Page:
Mary in the Media: November
Mary in the Media: November

Mary’s Media Roundup: October / November

Recent reports of corruption in the Conservative Party have dominated the news in recent weeks. Mary released a statement on social media on the night the Tories voted to rip up the standards procedure to help their own. This was also reported by the Northern Echo after Tory MP for Darlington, Peter Gibson, defended his vote to let disgraced MP Owen Paterson off the hook.

Last night I said that the Conservatives were apologists for corruption. What they did was wrong then and they knew it as the filed through the voting lobbies. The public have every right to feel outraged that the Conservatives felt the rules should apply to others but not them.

Yet another U-turn in the face of mounting public outcry shows the Government is out of touch and corrupt to the core. Britain deserves better.


Also in the news was the Government’s decision not to award funding for a feasibility study for the reopening of the Leamside Line. This news was featured in the Sunderland Echo, and the Northern Echo.

Reinstating the Leamside Line would have been a truly transformative investment, unshackling our region from ageing and neglected infrastructure, generating much needed economic growth, and radically improving connectivity between communities in our region and the wider country.

Therefore, It is incredibly frustrating that the Government have chosen to recognise the unmistakable benefits of the scheme yet still decline to take it further due to a cost of 600 million.

That our region is not considered worthy of an investment that size when much larger projects have been given the green light in south over recent decades is insulting to our people.


Reports of spiking at nightclubs up and down the country provided a harrowing tale of abuse that women face in everyday life. Mary spoke to the Northern Echo about growing anxieties around the threat of spiking at Durham University.

I would like to assure female students that I will be making my feelings known to the Vice Chancellor on this matter, as well as offering every assistance to ensure that spiking is clamped down on and the culprits punished.

It is imperative that we shine a spotlight on this vile act and I will be calling on the university, police, pubs, bars and nightclubs to take every action necessary to protect women from spiking.


Mary also appeared on BBC North East and Cumbria’s Sunday Politics programme last month following the murder of Conservative MP, Sir David Amess. Mary paid tribute to Sir David and expressed her sympathies with his family and staff. The show continued on to discuss vaccine take-up in children, the rising cost of fuel bills, and Durham’s longlisting in the City of Culture bid.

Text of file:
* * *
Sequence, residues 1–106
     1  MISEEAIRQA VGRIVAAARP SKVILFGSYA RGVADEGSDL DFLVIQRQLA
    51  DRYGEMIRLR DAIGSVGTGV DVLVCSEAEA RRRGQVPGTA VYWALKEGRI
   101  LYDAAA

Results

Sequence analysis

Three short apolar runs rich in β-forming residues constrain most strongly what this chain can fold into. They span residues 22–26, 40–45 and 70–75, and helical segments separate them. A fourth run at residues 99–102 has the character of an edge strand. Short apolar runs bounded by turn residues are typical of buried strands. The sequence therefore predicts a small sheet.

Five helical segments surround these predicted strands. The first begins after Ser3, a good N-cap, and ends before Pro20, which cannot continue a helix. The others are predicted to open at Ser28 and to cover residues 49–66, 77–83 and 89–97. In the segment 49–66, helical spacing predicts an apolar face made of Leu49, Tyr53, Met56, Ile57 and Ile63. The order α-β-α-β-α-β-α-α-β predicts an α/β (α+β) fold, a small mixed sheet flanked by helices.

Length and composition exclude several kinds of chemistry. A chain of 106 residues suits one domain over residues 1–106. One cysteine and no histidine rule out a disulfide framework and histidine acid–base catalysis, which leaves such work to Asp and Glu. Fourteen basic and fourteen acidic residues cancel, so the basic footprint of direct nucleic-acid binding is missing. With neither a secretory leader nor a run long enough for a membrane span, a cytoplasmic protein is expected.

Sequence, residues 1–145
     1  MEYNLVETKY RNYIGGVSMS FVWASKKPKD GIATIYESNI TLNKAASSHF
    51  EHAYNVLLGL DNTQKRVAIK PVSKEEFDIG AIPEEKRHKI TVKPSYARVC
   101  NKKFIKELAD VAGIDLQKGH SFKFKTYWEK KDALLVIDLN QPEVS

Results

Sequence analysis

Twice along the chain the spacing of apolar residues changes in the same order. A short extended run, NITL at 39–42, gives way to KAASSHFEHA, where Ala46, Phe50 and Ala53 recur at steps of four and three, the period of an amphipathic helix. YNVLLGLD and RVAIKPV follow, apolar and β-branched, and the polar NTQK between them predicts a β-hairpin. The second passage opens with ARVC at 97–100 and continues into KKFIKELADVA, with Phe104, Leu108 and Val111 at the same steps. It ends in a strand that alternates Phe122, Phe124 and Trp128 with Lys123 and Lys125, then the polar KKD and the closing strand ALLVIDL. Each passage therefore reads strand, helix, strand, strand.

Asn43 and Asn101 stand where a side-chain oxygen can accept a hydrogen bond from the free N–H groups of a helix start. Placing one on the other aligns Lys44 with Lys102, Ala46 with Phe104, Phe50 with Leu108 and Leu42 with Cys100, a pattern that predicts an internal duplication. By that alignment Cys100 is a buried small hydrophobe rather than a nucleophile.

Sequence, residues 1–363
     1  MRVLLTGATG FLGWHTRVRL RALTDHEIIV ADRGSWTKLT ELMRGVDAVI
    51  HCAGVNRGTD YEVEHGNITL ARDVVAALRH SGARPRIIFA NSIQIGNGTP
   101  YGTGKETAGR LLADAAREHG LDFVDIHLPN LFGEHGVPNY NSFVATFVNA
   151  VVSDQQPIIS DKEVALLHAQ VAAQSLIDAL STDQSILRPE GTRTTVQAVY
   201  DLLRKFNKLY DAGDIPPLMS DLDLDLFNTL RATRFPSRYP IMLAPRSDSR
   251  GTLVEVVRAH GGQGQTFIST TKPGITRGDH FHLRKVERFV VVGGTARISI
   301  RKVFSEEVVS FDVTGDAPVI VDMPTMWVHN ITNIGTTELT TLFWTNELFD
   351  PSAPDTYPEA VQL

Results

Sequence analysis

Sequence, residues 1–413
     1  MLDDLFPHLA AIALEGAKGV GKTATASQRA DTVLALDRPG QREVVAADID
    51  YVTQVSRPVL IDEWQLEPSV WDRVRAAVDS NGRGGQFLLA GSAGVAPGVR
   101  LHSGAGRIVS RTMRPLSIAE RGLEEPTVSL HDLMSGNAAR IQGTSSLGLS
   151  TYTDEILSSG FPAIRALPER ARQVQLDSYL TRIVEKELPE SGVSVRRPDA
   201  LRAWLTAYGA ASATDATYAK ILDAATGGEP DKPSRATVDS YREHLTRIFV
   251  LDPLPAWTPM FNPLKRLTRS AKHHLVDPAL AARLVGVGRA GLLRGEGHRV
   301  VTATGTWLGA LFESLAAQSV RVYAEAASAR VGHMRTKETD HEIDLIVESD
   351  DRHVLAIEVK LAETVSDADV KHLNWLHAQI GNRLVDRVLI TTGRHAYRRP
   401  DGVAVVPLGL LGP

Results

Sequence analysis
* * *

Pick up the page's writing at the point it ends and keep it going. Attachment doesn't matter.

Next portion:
You can watch the show here.


Following the murder of Sir David Amess, the issue of MP security was brought to the forefront of people’s discussions. Mary’s comments on security were highlighted by The Chronicle.

The tragic murder of Sir David Amess MP last week has naturally left MPs, their staff and of course, their constituents, incredibly shaken. It is only natural that people might be concerned as to whether they’ll be safe meeting with their MP at the moment, however I plan to keep in place the virtual arrangements I have used for the last 18 months during which I have carried out meetings, surgeries and public events via Zoom or Microsoft Teams.

Any in person events I hold in the future will always be thoroughly risk assessed and advice will be sought from Durham Constabulary as to whether additional security measures may be necessary.


Mary’s work on the Health and Care Bill Committee, scrutinising the Bill and suggesting amendments to it was featured heavily in the national media with her amendments relating to smoking health. Mary’s package of amendments would push the Government to meet its target of a smokefree England by 2030, which it is currently on course to miss by seven years.

It was covered in several national publications including: The Guardian, The Independent, The Mirror, and many others.


The report into the failings of the Test and Trace system by the Public Accounts Committee vindicated what many people had been arguing for months, that the Test and Trace system was a waste of money. Speaking to the Northern Echo, Mary said:

As cases remain high compared to our continental neighbours, especially in children, it is clear that Test and Trace has failed, and we once again find ourselves staring down the barrel of a chaotic Christmas.

It is no surprise to me that a Public Accounts Committee report has concluded that our privately outsourced Test and Trace system has not achieved its main public health objectives despite being allocated £37 billion over the last two years.

Despite paying extortionate daily fees to consultants, from the start we have heard reports in Durham of people being contacted incorrectly or being contacted too late, with seemingly little accountability over this programme’s poor performance or spiralling costs.

It pains me to know that 20% of the NHS’s entire annual budget has been squandered on a failed system when it could have been spent on funding more health and social care staff or improvements to hospitals instead.

Boris Johnson has previously said that “greed” had helped us to defeat the virus, but it is precisely “greed” that has allowed so much money to be wasted on failed contracts, failed systems, and ultimately a failed pandemic response.

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